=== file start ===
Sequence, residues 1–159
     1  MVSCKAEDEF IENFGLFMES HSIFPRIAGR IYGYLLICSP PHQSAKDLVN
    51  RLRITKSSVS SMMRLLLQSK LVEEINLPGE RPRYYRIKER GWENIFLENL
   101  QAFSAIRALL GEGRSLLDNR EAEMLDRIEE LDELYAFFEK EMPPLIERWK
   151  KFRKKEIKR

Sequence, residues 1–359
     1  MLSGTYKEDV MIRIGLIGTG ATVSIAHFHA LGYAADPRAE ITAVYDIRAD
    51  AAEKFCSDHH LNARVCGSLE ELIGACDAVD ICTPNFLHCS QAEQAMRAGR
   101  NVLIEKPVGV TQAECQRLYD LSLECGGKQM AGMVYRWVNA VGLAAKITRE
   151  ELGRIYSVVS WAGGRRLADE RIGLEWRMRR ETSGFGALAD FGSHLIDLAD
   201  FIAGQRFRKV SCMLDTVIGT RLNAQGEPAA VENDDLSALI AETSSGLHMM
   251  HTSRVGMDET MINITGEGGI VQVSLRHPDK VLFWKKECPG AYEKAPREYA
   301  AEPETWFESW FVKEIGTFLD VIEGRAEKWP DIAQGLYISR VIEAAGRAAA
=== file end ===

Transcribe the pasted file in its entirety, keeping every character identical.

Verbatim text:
Sequence, residues 1–159
     1  MVSCKAEDEF IENFGLFMES HSIFPRIAGR IYGYLLICSP PHQSAKDLVN
    51  RLRITKSSVS SMMRLLLQSK LVEEINLPGE RPRYYRIKER GWENIFLENL
   101  QAFSAIRALL GEGRSLLDNR EAEMLDRIEE LDELYAFFEK EMPPLIERWK
   151  KFRKKEIKR

Sequence, residues 1–359
     1  MLSGTYKEDV MIRIGLIGTG ATVSIAHFHA LGYAADPRAE ITAVYDIRAD
    51  AAEKFCSDHH LNARVCGSLE ELIGACDAVD ICTPNFLHCS QAEQAMRAGR
   101  NVLIEKPVGV TQAECQRLYD LSLECGGKQM AGMVYRWVNA VGLAAKITRE
   151  ELGRIYSVVS WAGGRRLADE RIGLEWRMRR ETSGFGALAD FGSHLIDLAD
   201  FIAGQRFRKV SCMLDTVIGT RLNAQGEPAA VENDDLSALI AETSSGLHMM
   251  HTSRVGMDET MINITGEGGI VQVSLRHPDK VLFWKKECPG AYEKAPREYA
   301  AEPETWFESW FVKEIGTFLD VIEGRAEKWP DIAQGLYISR VIEAAGRAAA